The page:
My, how CPT® has grown
Thank you to everyone who completed our mission critical survey: how old is your oldest CPT® book and how many pages is it? Page down: a summary chart is below.
First, some of you save everything. I’d love to see your office shelves. There are coders out there who have books from the 80s and the 90s. Wow.
Second, the rate of growth really took off between 2010 and 2020. Medical science adds new procedures and the AMA gives them all a new code. Seriously, the book’s a monster. I should have added a question: how many of you use the book as your primary source and how many use electronic access. Next time.
As long as I’m on the subject of CPT®, may I just say how difficult it is to use the book version with all of the out of sequence codes.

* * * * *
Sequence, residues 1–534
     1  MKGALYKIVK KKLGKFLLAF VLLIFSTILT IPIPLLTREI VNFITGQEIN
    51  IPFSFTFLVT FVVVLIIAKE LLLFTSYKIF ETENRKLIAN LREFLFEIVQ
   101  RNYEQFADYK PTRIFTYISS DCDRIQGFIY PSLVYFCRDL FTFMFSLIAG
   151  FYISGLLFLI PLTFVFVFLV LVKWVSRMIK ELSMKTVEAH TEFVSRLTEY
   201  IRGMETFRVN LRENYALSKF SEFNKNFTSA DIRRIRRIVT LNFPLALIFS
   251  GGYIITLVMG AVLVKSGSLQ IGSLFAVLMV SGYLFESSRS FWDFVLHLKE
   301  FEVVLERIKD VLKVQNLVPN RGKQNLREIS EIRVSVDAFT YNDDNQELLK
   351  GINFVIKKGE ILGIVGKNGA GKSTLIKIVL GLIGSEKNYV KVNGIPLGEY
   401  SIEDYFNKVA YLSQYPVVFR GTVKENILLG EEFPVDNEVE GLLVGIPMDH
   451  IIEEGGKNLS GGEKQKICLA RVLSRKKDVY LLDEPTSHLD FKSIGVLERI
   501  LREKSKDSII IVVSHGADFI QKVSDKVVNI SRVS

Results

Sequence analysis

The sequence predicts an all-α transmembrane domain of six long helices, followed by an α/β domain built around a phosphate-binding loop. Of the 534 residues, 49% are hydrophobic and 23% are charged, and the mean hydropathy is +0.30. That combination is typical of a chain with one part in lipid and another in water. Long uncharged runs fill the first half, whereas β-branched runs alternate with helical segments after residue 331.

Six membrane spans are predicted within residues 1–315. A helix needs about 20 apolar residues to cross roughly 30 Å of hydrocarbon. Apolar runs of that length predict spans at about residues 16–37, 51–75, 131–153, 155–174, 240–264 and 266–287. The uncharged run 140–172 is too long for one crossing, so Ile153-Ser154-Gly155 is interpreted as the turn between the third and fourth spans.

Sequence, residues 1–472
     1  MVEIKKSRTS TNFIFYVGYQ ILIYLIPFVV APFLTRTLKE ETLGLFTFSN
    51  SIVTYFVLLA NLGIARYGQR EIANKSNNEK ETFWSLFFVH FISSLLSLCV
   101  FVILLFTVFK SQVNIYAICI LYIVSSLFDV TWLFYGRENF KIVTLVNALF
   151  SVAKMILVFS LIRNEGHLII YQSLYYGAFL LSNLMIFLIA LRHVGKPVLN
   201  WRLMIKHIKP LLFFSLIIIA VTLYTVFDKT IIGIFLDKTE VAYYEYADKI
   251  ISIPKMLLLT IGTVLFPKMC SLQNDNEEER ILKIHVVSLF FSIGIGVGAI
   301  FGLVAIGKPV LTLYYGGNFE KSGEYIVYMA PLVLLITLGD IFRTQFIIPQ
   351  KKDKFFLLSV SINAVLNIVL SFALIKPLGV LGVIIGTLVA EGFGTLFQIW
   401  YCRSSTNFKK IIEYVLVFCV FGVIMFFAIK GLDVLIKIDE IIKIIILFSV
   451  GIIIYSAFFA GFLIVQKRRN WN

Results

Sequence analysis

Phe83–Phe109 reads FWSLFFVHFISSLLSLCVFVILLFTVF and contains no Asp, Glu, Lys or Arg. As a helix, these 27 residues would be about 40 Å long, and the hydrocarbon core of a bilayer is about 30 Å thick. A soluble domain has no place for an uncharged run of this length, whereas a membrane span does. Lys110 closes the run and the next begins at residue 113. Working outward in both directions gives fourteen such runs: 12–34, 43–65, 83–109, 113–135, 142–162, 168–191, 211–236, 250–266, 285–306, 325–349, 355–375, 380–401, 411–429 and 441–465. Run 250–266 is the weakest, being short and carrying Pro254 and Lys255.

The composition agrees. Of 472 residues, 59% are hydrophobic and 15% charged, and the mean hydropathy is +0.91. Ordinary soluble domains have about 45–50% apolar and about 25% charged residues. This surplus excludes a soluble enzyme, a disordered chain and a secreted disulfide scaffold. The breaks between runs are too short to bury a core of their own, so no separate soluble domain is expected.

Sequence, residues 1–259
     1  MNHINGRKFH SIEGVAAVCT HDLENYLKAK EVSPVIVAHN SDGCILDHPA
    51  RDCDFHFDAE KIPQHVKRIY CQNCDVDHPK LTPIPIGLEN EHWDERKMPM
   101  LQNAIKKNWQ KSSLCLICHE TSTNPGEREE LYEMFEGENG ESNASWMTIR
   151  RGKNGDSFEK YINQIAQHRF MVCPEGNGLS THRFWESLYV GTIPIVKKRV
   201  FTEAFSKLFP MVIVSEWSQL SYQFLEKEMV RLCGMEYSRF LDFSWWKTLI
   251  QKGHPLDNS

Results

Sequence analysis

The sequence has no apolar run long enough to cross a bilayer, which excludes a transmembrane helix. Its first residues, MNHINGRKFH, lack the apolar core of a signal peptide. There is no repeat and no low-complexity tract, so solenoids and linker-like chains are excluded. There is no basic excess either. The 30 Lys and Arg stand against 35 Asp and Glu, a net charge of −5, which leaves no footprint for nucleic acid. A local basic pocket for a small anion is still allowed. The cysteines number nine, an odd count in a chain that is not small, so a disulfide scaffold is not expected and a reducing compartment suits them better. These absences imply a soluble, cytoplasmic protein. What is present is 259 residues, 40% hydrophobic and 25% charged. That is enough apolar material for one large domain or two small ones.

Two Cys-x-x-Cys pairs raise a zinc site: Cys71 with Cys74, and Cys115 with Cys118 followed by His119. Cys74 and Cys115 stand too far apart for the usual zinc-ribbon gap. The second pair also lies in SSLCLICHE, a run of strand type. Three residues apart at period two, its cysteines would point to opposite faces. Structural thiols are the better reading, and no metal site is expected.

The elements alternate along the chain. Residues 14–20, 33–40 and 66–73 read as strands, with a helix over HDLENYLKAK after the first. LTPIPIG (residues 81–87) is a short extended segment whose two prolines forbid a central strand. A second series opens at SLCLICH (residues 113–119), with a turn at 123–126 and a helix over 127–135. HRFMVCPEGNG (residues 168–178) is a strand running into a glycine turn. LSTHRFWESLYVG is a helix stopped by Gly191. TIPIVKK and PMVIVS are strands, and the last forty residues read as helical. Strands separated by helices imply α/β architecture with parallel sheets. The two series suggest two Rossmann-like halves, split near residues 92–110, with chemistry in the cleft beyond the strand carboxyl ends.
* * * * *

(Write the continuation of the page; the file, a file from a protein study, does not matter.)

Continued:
And, a more serious pet peeve, why can’t the AMA and CMS get on the same page with practitioner terminology? “Other qualified health care professional” and “non-physician practitioner.” And, could the new terminology please have a specific term for “clinicians who have E/M in their scope of practice” that distinguishes physicians, midwives, advance practice nurses and physician assistants from psychologists, social workers, physical therapists, occupational therapists, nutritionists and dieticians. Have I left anyone out? And, could CPT® give us a listing of what professionals they include in “qualified health care professional” and “other qualified nonphysician health care professional?” I’d be so grateful. And, if you have a CPT® listing, please, forward it along.
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